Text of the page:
9 February, 2018
The Middle East Studies Center of the Social Promotion Foundation (CEMO) organized the Seminar: “Human right to water and sustainable development in the Middle East” at the URJC

The Seminar, whose objective was to raise interest in the university field regarding the problem of the right to access to water in the Middle East and to promote reflection on the great challenges and opportunities offered by the 2030 Agenda, presented good practices on access to water and water management promoted by international organizations and civil society in the region.

In the inaugural session and the opening of the Seminar participated Javier Sota, Head of the Sectorial Cooperation Department of the Directorate of Multilateral, Horizontal and Financial Cooperation of the Spanish Agency for International Cooperation for Development (AECID), Alicia Blanco, Vice Dean of Academic Organization, and Internationalization of the Faculty of Legal and Social Sciences of the Rey Juan Carlos University and María Beamonte, General Director of the Social Promotion Foundation.

Next, Javier Martín, Journalist, and Delegate of the EFE Agency in North Africa gave an opening lecture to contextualize the Middle East region.

He addressed the different milestones that have marked the agenda of the jihadist movement, the issue of Arab springs and raised different facts that help us to understand the Arab world today.

For him, “the Arab springs arose in defense of freedom, rights, and social justice” and “before creating a democracy, we must build a society that guarantees the human rights of the population.”

Regarding water, he commented that “we have gone from black gold to blue gold, the Saudis in Spain and Europe are buying springs and bottling plants“.

According to him, the water problem is found in many current conflicts in the region: Palestine-Israel, Egypt-Ethiopia, Kurdistan-Turkey-Iraq, and Islamic State.

The first session dedicated to the “Work experience of civil society in the Middle East” was moderated by the Projects Director of Social Promotion Foundation, Macarena Cotelo, and in which participated, Antonio Bolinches, Member of the Water Observatory of the Botín Foundation, Salam Assi, Coordinator of Water and Environment Projects of PARC (Palestine), Nabil Moawad, Director of the René Moawad Foundation (Lebanon), and Muttasim Al Hayari, Director of the Natural Resources Programs of JOHUD (Jordan).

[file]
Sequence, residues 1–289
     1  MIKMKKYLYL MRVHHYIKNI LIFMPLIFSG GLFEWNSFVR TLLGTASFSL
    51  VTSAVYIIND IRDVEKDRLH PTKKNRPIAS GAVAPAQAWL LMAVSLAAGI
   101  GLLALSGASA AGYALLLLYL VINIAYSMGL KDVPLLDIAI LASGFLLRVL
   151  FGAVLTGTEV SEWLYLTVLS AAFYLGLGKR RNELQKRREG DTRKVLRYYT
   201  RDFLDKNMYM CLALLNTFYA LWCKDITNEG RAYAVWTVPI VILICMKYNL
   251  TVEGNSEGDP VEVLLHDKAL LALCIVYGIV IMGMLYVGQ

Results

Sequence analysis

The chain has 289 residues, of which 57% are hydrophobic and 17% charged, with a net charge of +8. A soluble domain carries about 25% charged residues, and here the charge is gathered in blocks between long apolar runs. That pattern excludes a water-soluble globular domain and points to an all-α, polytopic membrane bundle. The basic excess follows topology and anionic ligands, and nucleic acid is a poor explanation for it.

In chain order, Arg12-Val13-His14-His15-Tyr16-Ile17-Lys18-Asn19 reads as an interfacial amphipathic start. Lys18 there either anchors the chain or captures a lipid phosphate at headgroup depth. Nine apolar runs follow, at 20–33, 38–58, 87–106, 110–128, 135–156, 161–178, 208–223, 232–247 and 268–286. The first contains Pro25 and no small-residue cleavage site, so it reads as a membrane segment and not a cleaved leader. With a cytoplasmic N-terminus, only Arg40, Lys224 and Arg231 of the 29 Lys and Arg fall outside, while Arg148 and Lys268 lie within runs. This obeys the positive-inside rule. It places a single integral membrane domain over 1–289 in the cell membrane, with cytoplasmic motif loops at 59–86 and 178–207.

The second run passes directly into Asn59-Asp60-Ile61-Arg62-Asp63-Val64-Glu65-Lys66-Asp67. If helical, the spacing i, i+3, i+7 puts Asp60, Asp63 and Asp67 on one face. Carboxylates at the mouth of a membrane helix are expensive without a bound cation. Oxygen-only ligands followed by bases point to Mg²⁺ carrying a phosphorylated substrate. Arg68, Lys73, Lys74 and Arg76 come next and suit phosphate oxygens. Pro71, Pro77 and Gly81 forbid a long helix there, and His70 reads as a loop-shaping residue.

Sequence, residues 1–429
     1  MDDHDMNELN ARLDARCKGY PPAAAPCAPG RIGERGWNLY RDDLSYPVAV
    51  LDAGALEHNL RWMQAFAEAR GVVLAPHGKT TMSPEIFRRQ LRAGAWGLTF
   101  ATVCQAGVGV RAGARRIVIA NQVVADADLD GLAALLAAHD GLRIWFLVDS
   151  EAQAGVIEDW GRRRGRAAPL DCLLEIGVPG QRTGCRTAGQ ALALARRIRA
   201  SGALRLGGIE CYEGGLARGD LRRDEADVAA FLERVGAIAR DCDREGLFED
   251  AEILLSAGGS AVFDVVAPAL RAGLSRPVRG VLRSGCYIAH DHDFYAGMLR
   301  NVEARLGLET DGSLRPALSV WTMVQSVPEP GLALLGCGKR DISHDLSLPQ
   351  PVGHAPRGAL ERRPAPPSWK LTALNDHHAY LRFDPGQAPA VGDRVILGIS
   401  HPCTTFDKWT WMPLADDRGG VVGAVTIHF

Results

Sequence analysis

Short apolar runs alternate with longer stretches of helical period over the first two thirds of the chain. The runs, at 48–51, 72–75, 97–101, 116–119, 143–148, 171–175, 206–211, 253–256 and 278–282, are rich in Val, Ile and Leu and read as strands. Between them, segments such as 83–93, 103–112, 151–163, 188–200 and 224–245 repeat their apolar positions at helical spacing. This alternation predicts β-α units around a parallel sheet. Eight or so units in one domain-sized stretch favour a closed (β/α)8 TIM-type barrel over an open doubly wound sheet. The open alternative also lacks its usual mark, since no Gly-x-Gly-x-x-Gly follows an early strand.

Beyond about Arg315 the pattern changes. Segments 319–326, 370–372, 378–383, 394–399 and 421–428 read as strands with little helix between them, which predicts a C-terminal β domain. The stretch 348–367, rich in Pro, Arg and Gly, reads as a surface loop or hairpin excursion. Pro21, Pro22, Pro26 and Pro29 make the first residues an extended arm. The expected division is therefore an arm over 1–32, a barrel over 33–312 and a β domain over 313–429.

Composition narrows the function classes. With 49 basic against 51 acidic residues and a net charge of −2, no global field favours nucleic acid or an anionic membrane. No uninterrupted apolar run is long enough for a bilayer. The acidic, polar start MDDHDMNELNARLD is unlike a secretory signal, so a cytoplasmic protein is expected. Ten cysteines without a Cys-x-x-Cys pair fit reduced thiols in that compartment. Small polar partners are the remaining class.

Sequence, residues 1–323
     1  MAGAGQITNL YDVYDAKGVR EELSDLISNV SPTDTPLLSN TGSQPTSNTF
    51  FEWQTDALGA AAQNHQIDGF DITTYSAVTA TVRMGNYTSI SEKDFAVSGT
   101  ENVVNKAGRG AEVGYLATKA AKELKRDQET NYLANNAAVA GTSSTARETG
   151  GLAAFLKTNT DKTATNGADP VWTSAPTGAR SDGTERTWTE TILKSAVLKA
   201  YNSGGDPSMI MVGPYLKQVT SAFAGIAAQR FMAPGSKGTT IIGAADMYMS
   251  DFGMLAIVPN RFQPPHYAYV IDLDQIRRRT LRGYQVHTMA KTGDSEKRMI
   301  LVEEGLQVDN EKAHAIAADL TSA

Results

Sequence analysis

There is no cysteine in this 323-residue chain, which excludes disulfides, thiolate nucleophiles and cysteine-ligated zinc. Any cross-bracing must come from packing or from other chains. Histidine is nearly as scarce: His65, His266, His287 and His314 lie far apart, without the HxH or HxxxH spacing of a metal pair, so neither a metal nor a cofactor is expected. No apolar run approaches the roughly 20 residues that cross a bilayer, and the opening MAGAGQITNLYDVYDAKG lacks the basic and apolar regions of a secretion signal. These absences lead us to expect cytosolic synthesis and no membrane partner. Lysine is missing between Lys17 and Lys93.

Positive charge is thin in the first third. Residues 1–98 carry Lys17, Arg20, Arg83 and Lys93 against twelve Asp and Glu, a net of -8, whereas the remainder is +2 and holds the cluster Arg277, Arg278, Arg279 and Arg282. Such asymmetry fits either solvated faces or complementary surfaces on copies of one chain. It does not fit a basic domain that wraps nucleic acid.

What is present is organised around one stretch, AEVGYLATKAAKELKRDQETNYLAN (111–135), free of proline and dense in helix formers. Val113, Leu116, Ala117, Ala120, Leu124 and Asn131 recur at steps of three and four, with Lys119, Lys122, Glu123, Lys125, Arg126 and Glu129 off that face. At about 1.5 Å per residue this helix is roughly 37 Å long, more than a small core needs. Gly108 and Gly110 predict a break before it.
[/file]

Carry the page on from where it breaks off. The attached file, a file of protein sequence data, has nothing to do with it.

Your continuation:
Nabil Moawad and Muttasin Al Hayari emphasized the impact of the arrival of Syrian refugees in Lebanon and Jordan, where a surge and very high population pressure, exponentially multiplies the problems of access to water and the urgent need to mitigate this situation between refugees and the vulnerable host population.

For Antonio Bolinches, water in the region is a technical challenge and the water supply is not enough: energy, technicians, etc are needed. According to him, in situations of conflict we can not talk about sustainable development.

Salam Assi focused much of his intervention in the Gaza Strip, said that the current situation of access to water in the Gaza Strip is critical due to its scarcity and high level of pollution, and for it is very urgent construction of desalination plants.

The second session, under the title “International Organizations and Donor Commitment: Case Study of the Gaza Strip” was led by Enas Abu Laban Masri, Head of Water Resources in the Quartet Office (Jerusalem).

She pointed out that the main challenges facing the international community there are the political situation, the scarcity of resources and the sustainability of the programs.

According to her, 90% of the water is not safe and they have serious problems with energy supply. In the short term, they expect a low volume of desalination plants.

Then a general debate took place, moderated by Alejandro Maceira, Founder and Director of iAgua.

The closing of the seminar was conducted by Daniel Gayo, Director of the Master in Global Affairs of the Rey Juan Carlos University and Juan Francisco Montalbán, Ambassador in Special Mission for the “2030 Agenda“.